Artifacts recovered from Cueva Pilote that are related to bloodletting include a gourd, over 200 agave spines, and three fiber pads. The pads, or pincushions, are made of thick fleshy agave leaves and have agave spines inserted into them. Ethnographic accounts, paintings, and sculpture show the use of these artifacts for self-mutilation and bloodletting - the spines to draw blood, the pincushions to hold the used and unused spines, and the gourd to catch the blood offering. Protein residue analysis revealed traces of human blood on the agave spines from Cueva Pilote, indicating that they were used for these kinds of rituals.
Bloodletting was an integral part of the Mesoamerican politico-religious system, and the instrument of choice was often the spine of the maguey, a kind of agave. Auto-sacrifice was a right and obligation of kings and priests that was extended to others, such as initiates, penitents, and participants in specific rites where bloodletting may have been substituted for human or animal sacrifice. Pictorial accounts illustrate how spines and pincushions would have been used in such rituals.
In a fresco at the ancient center of Teotihuacan that researchers have dubbed “Blood Offering with Maguey Spines,” the central figure is framed by a border of pincushions holding disproportionately large maguey spines upright. An illustration in the contact period Durán codex shows a priest piercing his shin with a maguey spine while another priest burns incense. In the upper righthand corner of the illustration there is a pincushion holding two additional spines. An Aztec stone carving unearthed in Mexico City depicts two deities puncturing their ears with bone awls, while spines inserted into maguey leaves lie at their feet.
Archeological materials and ethnographic accounts confirm that the people of the Laguna District, south of the Encantadas, also practiced scarification and bloodletting. Scarifiers made of agave leaves, spines, and rodent mandibles appear with some frequency in the Coahuila archeological record. At Cueva Candelaria, a mortuary cave in the Laguna district, a series of wooden tubes with shell or stone bases and agave spine inserts accompanied burials. Their positions in some of the burials suggests that they were ear plugs designed to hold the agave spines used in scarification or bloodletting.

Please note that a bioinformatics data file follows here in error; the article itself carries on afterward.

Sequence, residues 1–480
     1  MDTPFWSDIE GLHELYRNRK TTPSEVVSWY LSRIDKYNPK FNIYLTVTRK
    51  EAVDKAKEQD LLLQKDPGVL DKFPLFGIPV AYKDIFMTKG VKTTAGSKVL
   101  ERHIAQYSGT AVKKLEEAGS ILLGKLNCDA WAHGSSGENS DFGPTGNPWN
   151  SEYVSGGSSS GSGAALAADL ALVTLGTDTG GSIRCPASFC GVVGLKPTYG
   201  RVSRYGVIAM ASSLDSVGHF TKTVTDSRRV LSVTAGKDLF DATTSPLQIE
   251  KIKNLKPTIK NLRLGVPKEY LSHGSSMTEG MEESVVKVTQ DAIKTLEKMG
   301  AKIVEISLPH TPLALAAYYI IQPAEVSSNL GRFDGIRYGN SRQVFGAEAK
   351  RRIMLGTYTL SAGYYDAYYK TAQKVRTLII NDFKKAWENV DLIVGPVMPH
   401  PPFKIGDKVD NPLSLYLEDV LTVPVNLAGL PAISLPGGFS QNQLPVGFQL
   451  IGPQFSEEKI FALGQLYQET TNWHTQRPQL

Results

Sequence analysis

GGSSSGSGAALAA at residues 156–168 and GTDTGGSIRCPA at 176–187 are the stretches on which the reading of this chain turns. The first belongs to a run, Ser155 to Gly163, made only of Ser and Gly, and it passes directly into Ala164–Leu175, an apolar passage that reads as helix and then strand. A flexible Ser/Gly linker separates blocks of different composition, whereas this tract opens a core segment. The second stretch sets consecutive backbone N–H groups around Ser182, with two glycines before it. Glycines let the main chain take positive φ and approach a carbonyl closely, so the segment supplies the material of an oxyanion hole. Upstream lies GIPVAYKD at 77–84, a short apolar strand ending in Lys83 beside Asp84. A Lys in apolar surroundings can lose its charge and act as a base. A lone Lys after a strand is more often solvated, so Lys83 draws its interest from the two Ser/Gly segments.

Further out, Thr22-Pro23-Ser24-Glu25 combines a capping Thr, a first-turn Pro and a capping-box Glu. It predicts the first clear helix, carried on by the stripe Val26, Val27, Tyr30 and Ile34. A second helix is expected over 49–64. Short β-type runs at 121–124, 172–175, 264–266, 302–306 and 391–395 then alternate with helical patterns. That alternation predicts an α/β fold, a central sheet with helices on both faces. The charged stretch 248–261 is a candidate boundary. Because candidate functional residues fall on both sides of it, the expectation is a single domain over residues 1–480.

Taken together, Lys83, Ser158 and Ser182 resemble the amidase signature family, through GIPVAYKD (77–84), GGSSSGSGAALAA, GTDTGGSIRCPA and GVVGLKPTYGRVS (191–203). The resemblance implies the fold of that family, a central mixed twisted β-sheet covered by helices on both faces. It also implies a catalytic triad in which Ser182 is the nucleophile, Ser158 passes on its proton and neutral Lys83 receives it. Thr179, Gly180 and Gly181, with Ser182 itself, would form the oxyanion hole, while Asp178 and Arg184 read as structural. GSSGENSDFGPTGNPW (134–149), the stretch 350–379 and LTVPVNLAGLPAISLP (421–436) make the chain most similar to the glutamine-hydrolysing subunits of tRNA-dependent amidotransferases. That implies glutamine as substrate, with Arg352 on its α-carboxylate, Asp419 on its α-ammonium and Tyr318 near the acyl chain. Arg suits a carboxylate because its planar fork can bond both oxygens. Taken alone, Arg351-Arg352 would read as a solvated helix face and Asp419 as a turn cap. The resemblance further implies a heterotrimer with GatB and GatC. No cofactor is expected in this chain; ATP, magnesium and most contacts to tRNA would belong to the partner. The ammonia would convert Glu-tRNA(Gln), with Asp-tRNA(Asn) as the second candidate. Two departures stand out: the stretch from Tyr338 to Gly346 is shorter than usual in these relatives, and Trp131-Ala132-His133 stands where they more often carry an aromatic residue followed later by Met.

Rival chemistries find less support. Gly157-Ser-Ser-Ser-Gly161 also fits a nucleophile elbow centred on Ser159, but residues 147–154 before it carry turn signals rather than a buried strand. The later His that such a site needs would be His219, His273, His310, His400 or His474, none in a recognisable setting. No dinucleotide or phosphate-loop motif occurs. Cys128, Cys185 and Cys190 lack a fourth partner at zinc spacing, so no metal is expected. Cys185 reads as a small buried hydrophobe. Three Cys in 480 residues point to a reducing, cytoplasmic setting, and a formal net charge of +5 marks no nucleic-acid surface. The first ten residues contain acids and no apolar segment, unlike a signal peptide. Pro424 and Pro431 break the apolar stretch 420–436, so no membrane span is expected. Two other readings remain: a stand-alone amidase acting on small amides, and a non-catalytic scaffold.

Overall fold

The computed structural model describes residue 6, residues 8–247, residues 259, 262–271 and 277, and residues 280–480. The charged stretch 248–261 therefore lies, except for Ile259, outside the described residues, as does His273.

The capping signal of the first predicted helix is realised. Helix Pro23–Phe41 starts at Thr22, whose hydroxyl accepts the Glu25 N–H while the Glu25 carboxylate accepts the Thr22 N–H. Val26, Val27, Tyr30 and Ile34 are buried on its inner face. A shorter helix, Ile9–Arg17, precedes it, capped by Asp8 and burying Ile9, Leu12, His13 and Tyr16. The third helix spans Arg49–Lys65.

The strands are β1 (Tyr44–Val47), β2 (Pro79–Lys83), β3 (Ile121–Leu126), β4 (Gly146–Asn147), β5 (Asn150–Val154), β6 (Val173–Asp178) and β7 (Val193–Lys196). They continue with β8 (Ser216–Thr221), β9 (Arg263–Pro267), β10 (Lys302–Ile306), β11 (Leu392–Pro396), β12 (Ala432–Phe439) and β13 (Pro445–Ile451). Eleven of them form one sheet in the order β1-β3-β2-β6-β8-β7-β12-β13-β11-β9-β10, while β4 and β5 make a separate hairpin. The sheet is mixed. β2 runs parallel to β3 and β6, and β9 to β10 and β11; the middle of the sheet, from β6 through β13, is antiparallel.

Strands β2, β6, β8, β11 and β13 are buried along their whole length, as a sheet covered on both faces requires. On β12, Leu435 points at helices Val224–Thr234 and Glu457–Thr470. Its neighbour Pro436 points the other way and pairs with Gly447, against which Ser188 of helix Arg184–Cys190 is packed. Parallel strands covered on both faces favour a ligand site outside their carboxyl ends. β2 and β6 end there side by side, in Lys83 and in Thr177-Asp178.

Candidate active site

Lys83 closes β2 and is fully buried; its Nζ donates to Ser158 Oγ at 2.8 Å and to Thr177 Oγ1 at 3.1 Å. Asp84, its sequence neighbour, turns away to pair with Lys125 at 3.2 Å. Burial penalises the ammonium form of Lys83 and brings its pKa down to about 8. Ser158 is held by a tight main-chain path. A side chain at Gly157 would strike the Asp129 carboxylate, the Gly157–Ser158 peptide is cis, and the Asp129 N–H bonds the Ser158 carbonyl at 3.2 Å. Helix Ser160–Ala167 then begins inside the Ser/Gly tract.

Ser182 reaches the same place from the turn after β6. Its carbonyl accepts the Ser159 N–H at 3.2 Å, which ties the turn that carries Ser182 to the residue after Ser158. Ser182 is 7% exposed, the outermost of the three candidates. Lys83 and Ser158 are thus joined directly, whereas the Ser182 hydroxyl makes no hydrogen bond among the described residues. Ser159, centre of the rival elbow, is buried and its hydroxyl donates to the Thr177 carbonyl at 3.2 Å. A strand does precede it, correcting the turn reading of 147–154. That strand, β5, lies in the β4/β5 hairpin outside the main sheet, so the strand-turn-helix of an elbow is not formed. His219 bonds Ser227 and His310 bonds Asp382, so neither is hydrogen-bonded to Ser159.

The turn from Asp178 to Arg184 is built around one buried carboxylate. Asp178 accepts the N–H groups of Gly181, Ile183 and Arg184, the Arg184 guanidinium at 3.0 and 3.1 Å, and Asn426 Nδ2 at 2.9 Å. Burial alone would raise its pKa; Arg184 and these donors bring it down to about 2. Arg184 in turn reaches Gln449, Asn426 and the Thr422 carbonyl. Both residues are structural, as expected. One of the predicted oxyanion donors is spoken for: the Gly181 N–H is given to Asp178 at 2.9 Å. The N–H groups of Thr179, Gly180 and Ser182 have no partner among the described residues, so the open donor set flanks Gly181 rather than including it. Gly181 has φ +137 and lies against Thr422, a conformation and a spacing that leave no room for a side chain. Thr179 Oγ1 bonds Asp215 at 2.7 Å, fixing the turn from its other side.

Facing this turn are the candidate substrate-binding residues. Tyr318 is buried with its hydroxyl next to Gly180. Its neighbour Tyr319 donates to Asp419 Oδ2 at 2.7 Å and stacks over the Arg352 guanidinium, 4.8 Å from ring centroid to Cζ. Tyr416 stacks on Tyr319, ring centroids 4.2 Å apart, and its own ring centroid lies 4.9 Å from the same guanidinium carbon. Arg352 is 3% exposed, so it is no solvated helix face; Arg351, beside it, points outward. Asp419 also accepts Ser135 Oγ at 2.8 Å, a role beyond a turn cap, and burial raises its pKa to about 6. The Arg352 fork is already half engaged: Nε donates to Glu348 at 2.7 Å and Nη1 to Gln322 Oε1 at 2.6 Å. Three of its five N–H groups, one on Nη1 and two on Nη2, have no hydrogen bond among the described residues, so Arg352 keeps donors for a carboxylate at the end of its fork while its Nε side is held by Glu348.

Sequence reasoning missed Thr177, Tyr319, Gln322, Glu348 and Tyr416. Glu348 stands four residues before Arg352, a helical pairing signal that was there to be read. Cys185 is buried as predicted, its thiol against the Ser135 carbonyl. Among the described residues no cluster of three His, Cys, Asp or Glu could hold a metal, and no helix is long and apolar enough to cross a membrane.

Three accounts describe a fascinating ritual performed in 1607 in the vicinity of Mapimí, Coahuila to avert the potential dire affects of a comet. Elders punctured themselves with spines, then gathered the blood in a gourd, dipped the fresh-cut hair of a young woman in the blood, and flailed it in the air in the cardinal directions while "crying out horrifically." Another account describes a ceremony in which Coahuiltecans of both sexes danced around a fire, consumed peyote, and "drew large quantities of blood by scratching themselves with the beak of a fish."
Shell beads and unmodified land snails recovered from Cueva Pilote are also ceremonial artifacts. Fifty-six round, flat, perforated freshwater mussel shell beads were found scattered across the cave. At Cueva Candelaria, similar beads were found tied into clusters and looped into bead flowers, or flores, to create rattles. Three common Atlantic Marginella shell beads were also recovered from Cueva Pilote. They may have once been part of elaborate flores made of dozens of shells, or perhaps simply strung on a single cord. In addition to shell beads, 43 land snail shells were recovered from the cave. Most are shells from large adults and belong to a species that does not inhabit dry caves, indicating that they were purposefully brought to the site. Spirals are commonly found in the rock art of Coahuila, and the snails’ accentuated spiral morphology may have imbued them with ritual significance.
Cueva Pilote’s lithic assemblage consists of a Langtry dart point, a Jora dart point, a Langtry variant, three partial dart points of the Langtry or Jora variety, 14 other bifaces, four unifaces, three utilized flakes, two secondary flakes, 21 tertiary flakes, seven chips, three core fragments, eight pieces of burned shatter, three ocher-stained rocks, and a smoothed pebble. It is unclear whether any or all of these are ceremonial artifacts.